Because they are dogs. Nothing more, nothing less.
But what about a dog’s genetics and breeding, you ask? Genes are not an either/or thing. Breeding for behavior, like wanting to fight a member of your own species, is considerably more difficult than breeding for a consistent appearance. And – hold on to your hats – even if someone did purposely breed a dog to fight with other dogs, they would need to handle that dog in a specific way and exercise extreme environmental control to make sure the desired behavior is consistently expressed. This process is called “epigenetics” and, according to Scientific American, it’s pretty “arduous” stuff.
Dogs are individuals and have individual responses to members of their own species and other species, as well as to their experience and their environment. None of it is static. This is true for all dogs, not only the dogs someone has labeled “pit bull.”
One final point…
By trying to stop dog fighting with awareness campaigns, we’re making it sound like it’s a bigger problem than it is. Let’s be clear, we aren’t saying it isn’t a problem. Of course, it is. Again, we’ve rescued dogs from cruelty. We know the facts.
What we’re talking about is perception. The hyper focus on “pit bull” dogs and animal cruelty can lead people to believe that all rescue “pit bull” dogs are victims of abuse. It’s reinforcing the stereotype that all dogs who look a certain way were made to fight. If this is such a big epidemic and there are so many dogs who need help, then it stands to reason all rescue dogs labeled “pit bull” are somehow associated with dog fighting.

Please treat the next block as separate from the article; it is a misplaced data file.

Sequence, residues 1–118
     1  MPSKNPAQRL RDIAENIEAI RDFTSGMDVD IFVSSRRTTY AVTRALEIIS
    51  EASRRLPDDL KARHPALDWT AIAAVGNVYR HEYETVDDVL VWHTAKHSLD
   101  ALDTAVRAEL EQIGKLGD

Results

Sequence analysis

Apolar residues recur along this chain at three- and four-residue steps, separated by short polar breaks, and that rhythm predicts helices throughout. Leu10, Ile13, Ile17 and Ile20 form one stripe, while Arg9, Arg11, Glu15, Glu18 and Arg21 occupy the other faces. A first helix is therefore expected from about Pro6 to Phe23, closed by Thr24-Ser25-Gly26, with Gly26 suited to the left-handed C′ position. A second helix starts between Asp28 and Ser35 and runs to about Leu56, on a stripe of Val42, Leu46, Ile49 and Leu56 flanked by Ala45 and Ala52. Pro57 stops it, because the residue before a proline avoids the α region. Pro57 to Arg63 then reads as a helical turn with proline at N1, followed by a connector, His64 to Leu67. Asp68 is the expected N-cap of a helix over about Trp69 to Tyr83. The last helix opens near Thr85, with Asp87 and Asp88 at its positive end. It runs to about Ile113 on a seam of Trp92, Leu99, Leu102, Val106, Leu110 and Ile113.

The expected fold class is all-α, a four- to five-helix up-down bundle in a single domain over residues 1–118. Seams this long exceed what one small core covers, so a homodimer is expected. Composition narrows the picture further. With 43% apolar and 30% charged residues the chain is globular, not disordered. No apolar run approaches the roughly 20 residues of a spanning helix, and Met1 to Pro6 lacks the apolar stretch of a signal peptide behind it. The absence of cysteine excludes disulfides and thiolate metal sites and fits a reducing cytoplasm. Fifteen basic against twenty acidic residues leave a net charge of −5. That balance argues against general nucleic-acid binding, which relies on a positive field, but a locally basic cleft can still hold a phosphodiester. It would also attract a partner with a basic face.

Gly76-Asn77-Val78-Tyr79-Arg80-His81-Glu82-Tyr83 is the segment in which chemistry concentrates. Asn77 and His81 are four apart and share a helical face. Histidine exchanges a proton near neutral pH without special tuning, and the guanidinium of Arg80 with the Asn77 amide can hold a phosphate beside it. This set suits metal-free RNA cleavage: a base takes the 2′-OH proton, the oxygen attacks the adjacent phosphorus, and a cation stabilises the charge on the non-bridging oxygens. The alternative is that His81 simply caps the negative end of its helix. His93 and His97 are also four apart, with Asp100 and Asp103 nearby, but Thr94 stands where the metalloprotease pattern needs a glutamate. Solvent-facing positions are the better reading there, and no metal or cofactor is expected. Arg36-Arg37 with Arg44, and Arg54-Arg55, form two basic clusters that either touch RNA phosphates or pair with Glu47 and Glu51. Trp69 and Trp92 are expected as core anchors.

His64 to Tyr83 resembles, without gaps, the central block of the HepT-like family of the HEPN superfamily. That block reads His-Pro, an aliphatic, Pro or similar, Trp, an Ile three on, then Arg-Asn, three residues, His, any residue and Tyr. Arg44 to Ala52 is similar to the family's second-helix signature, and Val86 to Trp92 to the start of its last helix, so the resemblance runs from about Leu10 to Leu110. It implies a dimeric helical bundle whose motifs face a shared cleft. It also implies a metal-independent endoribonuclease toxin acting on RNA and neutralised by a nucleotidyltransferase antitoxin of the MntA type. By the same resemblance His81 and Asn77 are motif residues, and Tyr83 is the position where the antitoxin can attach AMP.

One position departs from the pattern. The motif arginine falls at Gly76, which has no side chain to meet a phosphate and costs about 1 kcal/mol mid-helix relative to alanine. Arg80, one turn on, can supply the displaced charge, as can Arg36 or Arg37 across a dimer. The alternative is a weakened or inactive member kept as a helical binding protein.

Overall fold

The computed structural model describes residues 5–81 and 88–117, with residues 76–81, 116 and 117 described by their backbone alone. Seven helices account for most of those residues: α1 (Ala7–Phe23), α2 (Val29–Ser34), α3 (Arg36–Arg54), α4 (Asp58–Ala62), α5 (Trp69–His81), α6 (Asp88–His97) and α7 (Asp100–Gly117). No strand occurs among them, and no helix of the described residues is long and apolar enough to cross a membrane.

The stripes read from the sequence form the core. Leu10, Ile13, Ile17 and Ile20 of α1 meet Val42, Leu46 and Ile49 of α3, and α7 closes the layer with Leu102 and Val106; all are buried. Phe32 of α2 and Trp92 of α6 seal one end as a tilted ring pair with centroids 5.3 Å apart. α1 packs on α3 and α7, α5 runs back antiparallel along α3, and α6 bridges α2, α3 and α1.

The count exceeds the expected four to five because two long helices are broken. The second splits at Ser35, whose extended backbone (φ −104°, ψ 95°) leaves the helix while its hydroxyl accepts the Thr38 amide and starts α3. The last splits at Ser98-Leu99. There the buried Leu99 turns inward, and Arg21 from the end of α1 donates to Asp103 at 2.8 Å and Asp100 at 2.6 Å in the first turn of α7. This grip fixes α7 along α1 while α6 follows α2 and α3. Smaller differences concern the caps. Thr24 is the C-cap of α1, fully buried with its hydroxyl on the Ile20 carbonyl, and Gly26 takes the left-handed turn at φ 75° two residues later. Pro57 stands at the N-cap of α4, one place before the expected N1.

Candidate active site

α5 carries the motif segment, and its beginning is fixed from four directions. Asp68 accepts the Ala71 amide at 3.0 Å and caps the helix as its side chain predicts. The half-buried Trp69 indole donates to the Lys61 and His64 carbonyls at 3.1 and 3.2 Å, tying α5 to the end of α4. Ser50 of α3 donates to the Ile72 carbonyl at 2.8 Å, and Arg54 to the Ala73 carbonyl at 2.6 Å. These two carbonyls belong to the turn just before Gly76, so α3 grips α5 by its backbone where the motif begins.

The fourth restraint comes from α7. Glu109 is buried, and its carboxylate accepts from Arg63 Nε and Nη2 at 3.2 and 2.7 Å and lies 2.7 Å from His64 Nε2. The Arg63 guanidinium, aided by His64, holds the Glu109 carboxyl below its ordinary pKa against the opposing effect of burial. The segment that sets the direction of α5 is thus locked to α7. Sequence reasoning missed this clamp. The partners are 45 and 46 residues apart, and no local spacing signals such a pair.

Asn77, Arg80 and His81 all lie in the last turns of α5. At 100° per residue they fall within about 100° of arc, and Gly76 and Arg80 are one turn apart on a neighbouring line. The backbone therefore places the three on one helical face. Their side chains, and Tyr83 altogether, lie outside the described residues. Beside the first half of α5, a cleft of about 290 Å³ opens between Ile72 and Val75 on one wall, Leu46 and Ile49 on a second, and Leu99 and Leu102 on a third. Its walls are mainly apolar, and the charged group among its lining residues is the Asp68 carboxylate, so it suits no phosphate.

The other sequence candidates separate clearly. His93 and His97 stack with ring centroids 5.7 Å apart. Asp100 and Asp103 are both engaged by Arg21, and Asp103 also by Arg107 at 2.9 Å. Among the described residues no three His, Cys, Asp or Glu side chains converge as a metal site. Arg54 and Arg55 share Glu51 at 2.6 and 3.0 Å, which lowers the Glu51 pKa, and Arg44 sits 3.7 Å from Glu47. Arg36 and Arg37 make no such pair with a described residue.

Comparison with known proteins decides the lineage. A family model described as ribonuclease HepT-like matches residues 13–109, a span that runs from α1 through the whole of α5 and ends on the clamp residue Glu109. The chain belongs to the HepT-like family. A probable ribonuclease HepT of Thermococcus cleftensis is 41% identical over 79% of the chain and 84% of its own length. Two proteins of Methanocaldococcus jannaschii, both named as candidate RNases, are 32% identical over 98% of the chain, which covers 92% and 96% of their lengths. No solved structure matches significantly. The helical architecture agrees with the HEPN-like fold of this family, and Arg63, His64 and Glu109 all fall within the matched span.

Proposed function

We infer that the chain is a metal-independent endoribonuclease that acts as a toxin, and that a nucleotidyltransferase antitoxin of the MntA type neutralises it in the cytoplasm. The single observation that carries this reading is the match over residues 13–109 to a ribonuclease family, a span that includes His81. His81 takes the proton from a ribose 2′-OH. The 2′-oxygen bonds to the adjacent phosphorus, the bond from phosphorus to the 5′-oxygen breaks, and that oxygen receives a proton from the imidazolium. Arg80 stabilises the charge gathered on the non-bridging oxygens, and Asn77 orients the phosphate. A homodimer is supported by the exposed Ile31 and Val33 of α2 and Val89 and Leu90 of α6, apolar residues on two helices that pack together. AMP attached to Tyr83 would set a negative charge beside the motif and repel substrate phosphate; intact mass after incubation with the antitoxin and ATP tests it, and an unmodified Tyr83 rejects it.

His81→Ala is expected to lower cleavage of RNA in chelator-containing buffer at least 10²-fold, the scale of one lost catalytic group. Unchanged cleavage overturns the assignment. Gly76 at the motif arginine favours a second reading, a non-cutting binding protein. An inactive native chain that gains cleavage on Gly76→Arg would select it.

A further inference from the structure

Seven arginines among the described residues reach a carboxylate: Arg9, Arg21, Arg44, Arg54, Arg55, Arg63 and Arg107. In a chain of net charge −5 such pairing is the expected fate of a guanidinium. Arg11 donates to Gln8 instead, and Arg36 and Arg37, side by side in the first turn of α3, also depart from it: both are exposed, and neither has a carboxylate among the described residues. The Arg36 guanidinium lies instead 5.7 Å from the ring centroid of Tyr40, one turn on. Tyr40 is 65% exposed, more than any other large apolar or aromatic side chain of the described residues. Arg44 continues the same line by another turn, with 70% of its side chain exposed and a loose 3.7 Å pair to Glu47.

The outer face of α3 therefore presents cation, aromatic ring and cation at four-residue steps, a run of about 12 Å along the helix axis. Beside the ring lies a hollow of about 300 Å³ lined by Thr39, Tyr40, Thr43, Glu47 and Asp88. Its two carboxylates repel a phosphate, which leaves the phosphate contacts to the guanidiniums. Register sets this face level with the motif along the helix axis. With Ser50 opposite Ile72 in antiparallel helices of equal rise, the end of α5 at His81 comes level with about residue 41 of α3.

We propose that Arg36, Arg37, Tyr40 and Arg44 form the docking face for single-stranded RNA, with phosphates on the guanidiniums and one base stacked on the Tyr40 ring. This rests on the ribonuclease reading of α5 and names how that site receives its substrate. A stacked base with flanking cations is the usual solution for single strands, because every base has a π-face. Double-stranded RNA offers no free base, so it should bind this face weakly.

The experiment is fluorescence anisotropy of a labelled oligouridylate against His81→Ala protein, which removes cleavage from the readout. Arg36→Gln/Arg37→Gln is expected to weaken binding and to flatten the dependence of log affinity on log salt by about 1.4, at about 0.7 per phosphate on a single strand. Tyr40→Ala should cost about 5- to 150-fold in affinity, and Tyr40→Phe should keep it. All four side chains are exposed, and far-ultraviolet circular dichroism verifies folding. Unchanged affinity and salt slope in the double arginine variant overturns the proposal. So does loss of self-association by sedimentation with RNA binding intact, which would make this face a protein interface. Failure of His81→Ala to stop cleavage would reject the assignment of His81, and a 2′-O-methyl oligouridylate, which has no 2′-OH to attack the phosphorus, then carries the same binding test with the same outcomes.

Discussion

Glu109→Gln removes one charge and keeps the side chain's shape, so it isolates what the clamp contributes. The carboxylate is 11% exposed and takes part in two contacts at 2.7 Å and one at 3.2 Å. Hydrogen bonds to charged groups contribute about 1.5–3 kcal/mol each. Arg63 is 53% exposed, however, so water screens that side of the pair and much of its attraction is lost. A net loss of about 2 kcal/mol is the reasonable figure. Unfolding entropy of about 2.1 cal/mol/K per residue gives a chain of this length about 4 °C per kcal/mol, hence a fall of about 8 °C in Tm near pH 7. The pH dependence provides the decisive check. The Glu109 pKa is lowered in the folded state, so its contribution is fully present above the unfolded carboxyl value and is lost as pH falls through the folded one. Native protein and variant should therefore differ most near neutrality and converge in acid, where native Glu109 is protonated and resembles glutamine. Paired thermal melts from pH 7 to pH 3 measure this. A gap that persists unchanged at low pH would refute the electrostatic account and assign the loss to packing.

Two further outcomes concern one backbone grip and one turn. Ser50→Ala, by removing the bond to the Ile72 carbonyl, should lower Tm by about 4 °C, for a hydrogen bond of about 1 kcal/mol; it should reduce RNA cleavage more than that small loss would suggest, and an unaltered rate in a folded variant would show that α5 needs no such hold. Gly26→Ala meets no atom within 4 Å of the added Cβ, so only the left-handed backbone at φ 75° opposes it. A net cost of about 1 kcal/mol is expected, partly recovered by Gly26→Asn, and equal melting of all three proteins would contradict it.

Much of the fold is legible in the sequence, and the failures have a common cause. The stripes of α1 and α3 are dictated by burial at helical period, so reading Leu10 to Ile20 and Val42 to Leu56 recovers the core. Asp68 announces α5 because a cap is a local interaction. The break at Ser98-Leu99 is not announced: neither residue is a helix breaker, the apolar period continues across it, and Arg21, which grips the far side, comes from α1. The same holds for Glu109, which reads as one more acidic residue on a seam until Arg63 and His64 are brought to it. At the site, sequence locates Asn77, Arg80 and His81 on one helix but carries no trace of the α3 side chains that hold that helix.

If you work in animal care, you know that this is 100% false.
The dogs labeled “pit bull” in the shelters are likely not even close to being genetically similar to each other at all. (Because visual id has zero scientific basis.) The overwhelming majority of dogs in the shelters have never been anywhere near a dog fight or bred for fighting. They’ve likely never even been within a mile of anybody who has ever been to a dog fight.
But due to media attention, many adopters don’t know this. They also don’t know that just because a dog has cropped ears or scars doesn’t make it a “former bait dog.” (And while we’re at it, unless you have documentation, you don’t know that either.) This is one of the reasons why a lot of people don’t want to adopt a shelter dog. They’ve heard that they have bad histories – and in the case of a dog labeled “pit bull,” that history most certainly includes fighting. That’s what pop culture says, anyway, and so it must be fact. Right?
So here’s what you can do: Before you talk about animal cruelty, whether it’s dog fighting or another form, ask yourself if you are playing into stereotypes. Is the post you’re about to make feeding into hysteria? Is it playing on emotions and not facts? Is what you’re saying about a specific dog or is it a generalization about a group of dogs?
We abhor dog fighting. The people who fight dogs need to be met with swift and severe penalties. We should regard the dogs were victims of this cruelty with compassion. We must give them individual consideration for their individual needs.
If you have dog fighting in your community and the authorities are not doing anything about it, then get active. Get your facts together. Document what you can. Then call your city council, call your mayor. Stand outside the police station with signs that call for immediate action.
But please don’t make social media posts that perpetuate the incorrect notion that dog fighting is something that the general public needs to be afraid of. You are reaching the wrong audience and you are driving adopters away from the shelters for no good reason.